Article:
The deeper motivation for the title essay, along with several others in the book, is a lifelong intractable need to try to understand why we accept cruelty, violence, greed, and corruption as normal. I keep looking for something beyond simple outrage on the one hand and a shrugging “’twas ever thus” on the other.

To essay is to try, to attempt, to search. You are also a poet, and a writer of fiction and memoir. What does the essay form allow you that the other genres perhaps don’t, or that the other genres allow in different ways? Why essays for this material this time? When did you realize, for example, that this was a collection of essays and not a memoir?

Mostly I write whatever I can write on a given day (some days I can’t.) Later, I gather things together, try to see what they are becoming. Whenever I set myself a project, I’m in danger of seeing it as homework. I always hated homework. So whatever anybody tells me to write — even me — I go off and write something else. It’s the rebellious Catholic schoolboy.

I’m always working on several things at once, as if I’m gardening, tending several different kinds of plants growing from the same soil. When I finish anything it has probably been in the works and carried forward, draft after draft, in my notes for a very long time. Maybe I’m just making the best of a terribly short attention span, but it’s the only way I know how to work.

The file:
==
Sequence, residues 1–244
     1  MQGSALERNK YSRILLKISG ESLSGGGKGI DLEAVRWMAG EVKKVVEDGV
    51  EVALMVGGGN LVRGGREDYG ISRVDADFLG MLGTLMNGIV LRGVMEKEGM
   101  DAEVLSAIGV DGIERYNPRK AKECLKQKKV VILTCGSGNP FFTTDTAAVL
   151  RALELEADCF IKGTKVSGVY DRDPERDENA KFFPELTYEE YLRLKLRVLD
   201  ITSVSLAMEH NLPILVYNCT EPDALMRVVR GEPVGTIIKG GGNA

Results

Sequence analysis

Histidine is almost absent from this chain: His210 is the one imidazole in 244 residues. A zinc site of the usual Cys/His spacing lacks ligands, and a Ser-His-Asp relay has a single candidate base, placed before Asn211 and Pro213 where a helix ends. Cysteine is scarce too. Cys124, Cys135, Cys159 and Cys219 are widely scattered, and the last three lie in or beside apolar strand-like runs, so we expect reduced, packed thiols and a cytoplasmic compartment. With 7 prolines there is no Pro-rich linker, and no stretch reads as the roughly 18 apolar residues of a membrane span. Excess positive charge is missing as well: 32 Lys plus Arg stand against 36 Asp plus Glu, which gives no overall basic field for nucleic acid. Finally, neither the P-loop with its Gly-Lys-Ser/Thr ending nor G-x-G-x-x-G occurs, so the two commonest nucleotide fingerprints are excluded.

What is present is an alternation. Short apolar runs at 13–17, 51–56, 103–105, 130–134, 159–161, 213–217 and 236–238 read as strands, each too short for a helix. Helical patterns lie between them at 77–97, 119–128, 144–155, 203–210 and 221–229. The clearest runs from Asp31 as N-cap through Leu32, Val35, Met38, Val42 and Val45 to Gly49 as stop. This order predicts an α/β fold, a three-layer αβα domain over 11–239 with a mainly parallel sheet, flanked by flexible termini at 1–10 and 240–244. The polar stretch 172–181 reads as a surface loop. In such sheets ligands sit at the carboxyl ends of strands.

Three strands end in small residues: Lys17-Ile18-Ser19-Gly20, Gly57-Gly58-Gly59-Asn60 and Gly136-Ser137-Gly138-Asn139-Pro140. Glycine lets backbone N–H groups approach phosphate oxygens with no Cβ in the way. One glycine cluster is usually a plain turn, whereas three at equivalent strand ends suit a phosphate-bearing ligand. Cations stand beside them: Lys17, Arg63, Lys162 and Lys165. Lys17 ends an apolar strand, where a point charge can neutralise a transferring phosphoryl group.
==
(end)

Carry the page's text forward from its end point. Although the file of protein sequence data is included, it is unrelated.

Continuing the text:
What is your definition of Americana? Does this book fit into that definition? How so?  

I have, honestly, never thought about my work in relation to that term, not until you asked this thought-provoking question. The word Americana conjures a kind of nostalgia: falling down barns, outmoded tools displayed as art — rusty scythes, rakes, hoes, mowers — hanging on a wall. That’s probably a wrong-headed way to look at the term, but I want my writing to be an alternative to nostalgia; I want it to tear that veil and show us where we come from, so we might see where we are, for better and for worse.

That said, the preservation of the best of American culture is at least as important as pointing out what’s been and is still wrong with it. In fact, I think some of the best of American culture, whether books, films, plays, or music, is either implicitly or explicitly pointing to how we can improve. I’m thinking especially of music, that incredible and unique confluence of styles that almost any piece of American popular music is.